With only days left before the municipal election in Questa, the mayor is defending his legitimacy in the race while responding to the longstanding but well-known reality that he splits his time between Questa and Taos.
During a forum for mayoral and council candidates Tuesday (Feb. 20), which was hosted by the Questa Economic Development Fund, Mayor Mark Gallegos responded to a question from the audience about whether he resides in the village.
Although Gallegos lists as his primary residence a house that sits about a half-mile north of the juncture of State Roads 522 and 38, Gallegos told the audience of about 40 people that he does spend most of his nights in Llano Quemado, a community located south of Ranchos de Taos.
Gallegos has been the mayor since 2014 and served two terms as a village councilor. During each of his campaigns, he said, Questeños knew about his living arrangement.
"Every time I've run, the people in this community know where I lay my head, and they know my commitment to the community. If there's one thing I haven't done, it's been able to clear up this mess of where I reside," Gallegos, who is also a sitting Taos County commissioner for the northernmost district, told The Taos News in a Monday (Feb. 26) interview.
On one level, the issue of residency is a simple one. The state constitution says that municipal officers and municipal governing body members "shall be residents of the political subdivision or district from which they are elected."
Yet the constitution does not detail what residency means in a practical sense. Furthermore, the election handbook for Questa is nearly as vague. Among the 10 factors that determine residency, the handbook states, "The residence of a person is that place in which his habitation is fixed and to which, whenever he is absent, he has the intention to return."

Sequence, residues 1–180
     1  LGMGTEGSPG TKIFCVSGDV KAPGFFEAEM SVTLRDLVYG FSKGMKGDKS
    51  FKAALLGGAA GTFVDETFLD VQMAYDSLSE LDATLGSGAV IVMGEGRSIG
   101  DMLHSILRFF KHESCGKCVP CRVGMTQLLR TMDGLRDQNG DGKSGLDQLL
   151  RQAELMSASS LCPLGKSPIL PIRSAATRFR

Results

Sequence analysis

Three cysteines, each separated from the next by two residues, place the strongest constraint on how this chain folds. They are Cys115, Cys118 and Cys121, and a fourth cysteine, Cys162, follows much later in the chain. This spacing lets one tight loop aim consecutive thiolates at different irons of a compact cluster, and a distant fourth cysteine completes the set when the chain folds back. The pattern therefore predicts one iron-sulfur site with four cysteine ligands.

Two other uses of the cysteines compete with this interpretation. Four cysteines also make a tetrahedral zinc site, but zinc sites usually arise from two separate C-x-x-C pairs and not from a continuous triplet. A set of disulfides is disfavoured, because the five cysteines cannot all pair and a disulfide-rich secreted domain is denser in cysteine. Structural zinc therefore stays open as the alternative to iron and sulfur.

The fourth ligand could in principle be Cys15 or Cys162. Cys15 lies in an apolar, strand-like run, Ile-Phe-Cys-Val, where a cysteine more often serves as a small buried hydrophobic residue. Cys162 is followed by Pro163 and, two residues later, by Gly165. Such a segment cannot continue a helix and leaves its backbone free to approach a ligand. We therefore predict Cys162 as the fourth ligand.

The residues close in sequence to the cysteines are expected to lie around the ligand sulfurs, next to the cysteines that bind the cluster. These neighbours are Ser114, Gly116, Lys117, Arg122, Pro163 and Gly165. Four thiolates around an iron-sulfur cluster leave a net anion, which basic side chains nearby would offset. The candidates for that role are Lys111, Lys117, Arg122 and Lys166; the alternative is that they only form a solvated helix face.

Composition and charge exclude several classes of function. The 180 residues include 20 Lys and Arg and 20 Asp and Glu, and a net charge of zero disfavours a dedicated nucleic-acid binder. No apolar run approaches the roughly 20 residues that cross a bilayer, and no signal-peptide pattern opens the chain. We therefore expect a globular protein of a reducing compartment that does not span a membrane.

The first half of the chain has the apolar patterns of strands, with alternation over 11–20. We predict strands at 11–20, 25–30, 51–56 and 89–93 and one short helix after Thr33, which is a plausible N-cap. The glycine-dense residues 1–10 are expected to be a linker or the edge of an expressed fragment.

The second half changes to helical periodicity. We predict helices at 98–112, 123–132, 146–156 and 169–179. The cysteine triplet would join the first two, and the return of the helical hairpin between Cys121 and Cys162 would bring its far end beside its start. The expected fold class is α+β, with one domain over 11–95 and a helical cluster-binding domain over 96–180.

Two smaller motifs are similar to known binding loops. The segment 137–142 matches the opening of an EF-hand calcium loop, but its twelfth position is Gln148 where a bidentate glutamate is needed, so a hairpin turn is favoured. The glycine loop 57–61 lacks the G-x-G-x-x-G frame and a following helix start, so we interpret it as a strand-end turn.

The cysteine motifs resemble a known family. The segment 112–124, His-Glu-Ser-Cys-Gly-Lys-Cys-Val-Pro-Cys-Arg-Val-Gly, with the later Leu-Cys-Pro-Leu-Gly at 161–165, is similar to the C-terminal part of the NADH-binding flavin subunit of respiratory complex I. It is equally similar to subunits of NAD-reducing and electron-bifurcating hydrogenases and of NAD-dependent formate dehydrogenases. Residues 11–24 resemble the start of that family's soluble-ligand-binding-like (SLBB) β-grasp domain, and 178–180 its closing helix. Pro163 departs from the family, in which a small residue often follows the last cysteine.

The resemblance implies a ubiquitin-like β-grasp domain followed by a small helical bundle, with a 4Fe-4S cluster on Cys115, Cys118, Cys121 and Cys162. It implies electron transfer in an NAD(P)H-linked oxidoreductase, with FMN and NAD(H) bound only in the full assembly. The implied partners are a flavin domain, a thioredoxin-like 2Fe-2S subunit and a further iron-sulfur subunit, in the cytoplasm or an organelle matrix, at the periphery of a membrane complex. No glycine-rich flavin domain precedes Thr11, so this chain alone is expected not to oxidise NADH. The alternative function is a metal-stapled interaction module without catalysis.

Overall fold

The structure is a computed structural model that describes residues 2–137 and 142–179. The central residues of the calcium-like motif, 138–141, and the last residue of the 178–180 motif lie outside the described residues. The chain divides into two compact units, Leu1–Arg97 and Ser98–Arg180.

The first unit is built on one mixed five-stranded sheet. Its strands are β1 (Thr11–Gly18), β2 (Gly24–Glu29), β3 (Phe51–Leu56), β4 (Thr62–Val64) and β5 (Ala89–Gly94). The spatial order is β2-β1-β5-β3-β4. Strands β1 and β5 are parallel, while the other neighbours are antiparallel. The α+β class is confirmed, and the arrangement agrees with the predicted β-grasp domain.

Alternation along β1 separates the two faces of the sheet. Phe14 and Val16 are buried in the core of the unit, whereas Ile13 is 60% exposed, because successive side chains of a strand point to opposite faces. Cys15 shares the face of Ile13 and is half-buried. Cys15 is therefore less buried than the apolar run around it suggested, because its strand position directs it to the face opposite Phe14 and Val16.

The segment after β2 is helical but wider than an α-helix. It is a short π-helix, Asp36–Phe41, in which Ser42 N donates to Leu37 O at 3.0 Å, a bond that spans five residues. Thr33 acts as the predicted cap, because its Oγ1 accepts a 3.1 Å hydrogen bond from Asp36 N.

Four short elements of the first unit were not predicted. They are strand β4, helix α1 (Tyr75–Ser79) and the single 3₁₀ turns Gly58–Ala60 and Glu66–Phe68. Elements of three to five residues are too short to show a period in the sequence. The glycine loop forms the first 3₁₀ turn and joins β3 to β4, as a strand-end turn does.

Joey Keefe, spokesperson for New Mexico Secretary of State Maggie Toulouse Oliver, told The Taos News that in statewide political races, his office simply checks to make sure the address listed on a person's declaration of candidacy matches the address on their voter registration.
"That's what we go off of. If they own another home or spend time at other houses, that's not something we have jurisdiction over or pay attention to," Keefe said.
Similar to those statewide races, Gallegos' declared address of 6 Cisneros Road in Questa was checked against his voter registration twice, by both the Taos County Clerk's Office and the village clerk.
Yet it's the grey reality of residency that Gallegos occupies.
While his voter registration is attached to the Cisneros Road address, "I do sleep and spend time with my family, which is in Taos [Llano Quemado]," he said. Gallegos has been in a relationship with his girlfriend for 16 years and has a 15-year-old daughter who attends Taos High School, he said.
Gallegos does own property in the village with his brothers, but said his girlfriend owns the Llano Quemado home where he spends upwards of 98 percent of his evenings. "As much as I can get over there and spend time with them, I do," he said.